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Water is the most
crucial element on the planet, the building block of life, alongside with
carbon, and it’s staggering just how much we’ve polluted the fresh water
sources in the past century. Having access to healthy water has become a
problem these days, small villages and cities alike, but science and innovation
have found a way to overcome such difficulties using nature’s methods of
purification as a perfect example. Just as, for instance, sand can naturally remove
contaminants from water, so can filtration systems artificially accomplish the
same effect. All you need to know are a few guidelines, pros and cons, which
will help you choose the right filter that is certified for supplying you with
that healthy glass of water, day and night, especially at the comfort of your
own home.

Water content
First off, before you
choose any filtration system, you need to check what your water is comprised
of. Bear in mind that every fresh water source (we’re talking about drinking
water, not salty sea) contains necessary traces of chemical elements, metal and
non-metal, since ultra clean H2O is harmful to your health anyway. This is what
gives water that certain undefinable, but existing flavour, nevertheless. Also,
highly contaminated water can apparently be hazardous, too, so either check
your area’s annual water quality report, or do some testing by yourself by
purchasing a test kit at a certified home improvement store. Your primary
concern should be possible traces of lead, but any additional information is
always helpful!
Another thing worthy
of mentioning is that there is an independent and accredited organization – NSF
International, which is responsible for setting standards of water safety,
testing and certifying filtering systems using an elaborate and comprehensive chart. And
remember, if you see their seal on a product, or system, that means that it has
been tested to ensure that it does the filtering job as it claims.
Choosing the right
type of filter

This step depends
entirely on that previous analysis – finding out the chemical structure of the
water from your surroundings, so you could choose between these three methods,
or tools for purification: carbon filters, reverse osmosis, or distillation.
Carbon filters are good for trapping contaminants like heavy metals (copper,
mercury, lead), chlorine, pesticides, etc. in the pores of a highly absorbent
filter which is positively charged, thus separating heavier toxic elements from
the rest.  As for
reverse osmosis
, this method is particularly good for removing the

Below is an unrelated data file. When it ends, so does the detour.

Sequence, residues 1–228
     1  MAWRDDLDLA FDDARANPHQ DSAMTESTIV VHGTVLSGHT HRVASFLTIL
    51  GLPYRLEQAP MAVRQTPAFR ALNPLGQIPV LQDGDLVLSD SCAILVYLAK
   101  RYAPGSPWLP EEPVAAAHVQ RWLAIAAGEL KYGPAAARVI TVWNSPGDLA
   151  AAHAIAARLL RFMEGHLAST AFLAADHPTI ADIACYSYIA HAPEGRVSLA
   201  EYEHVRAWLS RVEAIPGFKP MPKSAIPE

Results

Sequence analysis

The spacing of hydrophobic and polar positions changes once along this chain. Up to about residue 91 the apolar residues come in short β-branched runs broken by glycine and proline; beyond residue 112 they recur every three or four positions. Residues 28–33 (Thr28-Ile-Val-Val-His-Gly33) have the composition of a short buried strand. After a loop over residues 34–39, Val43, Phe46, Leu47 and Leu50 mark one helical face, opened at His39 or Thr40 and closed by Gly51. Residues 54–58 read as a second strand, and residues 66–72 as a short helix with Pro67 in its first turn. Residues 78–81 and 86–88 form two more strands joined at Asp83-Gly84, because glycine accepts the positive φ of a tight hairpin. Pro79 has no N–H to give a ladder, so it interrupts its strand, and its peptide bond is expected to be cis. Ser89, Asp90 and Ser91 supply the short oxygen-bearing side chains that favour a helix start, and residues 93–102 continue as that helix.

chemicals used in dry cleaning – perchlorates, reversing the natural flow of
water and passing it through a semipermeable membrane, but know that this
method wastes water in the process, too. Distillation is an excellent choice
for eliminating arsenic, simply by heating water to a boiling point and then
collecting steam as it condenses back to its liquid state, leaving contaminants
behind. Still, some toxic chemicals can convert into gas under high
temperature, so it’s always good to combine a distiller with a carbon filter,
just to make sure you rid yourself of all contaminants…

 Placing the filter on the right location

There is a choice from
either a whole-house filter, also known as a point-of-entry filter, which does
the whole cleansing work before water enters your home, or a point-of-use
filter, which serves its purpose at the very moment you use the water, mainly
used in faucet and undersink systems, as well as water pitchers and bottles. Whole-house
water filters Brisbane have models which are used to remove heavier mineral deposits which give
water a bad taste, along with odor. Also, sometimes it’s better to supplement
this filter with another type to remove extra contaminants, for instance, if
chlorine irritates your skin, consider attaching a filter to your showerhead,
too. On the other hand, as for those point-of-use filters, there is a temporary
– cheaper, yet slower solution, or a permanent, but costly solution to
purifying your water. Water pitchers and bottles need constant refilling and
they take time to produce a formidable amount of clean water, while undersink
models do the job more effectively, even though they are more expensive to
install.
Don’t forget to maintain!

Some filter system manufacturers could have augmented
claims, meaning that their products won’t serve you according to the NSF
standards, so make sure that every purchase you make is certified properly. Also,
if you’ve purchased your purification system years ago, it’s probably time for
an improvement, because regulations have drastically changed over the years, so
everything has to be up-to-date for safety reasons. Remember to regularly
change your filters, follow your certified manufacturer’s recommendations, keep
everything clean and make sure everything runs smoothly.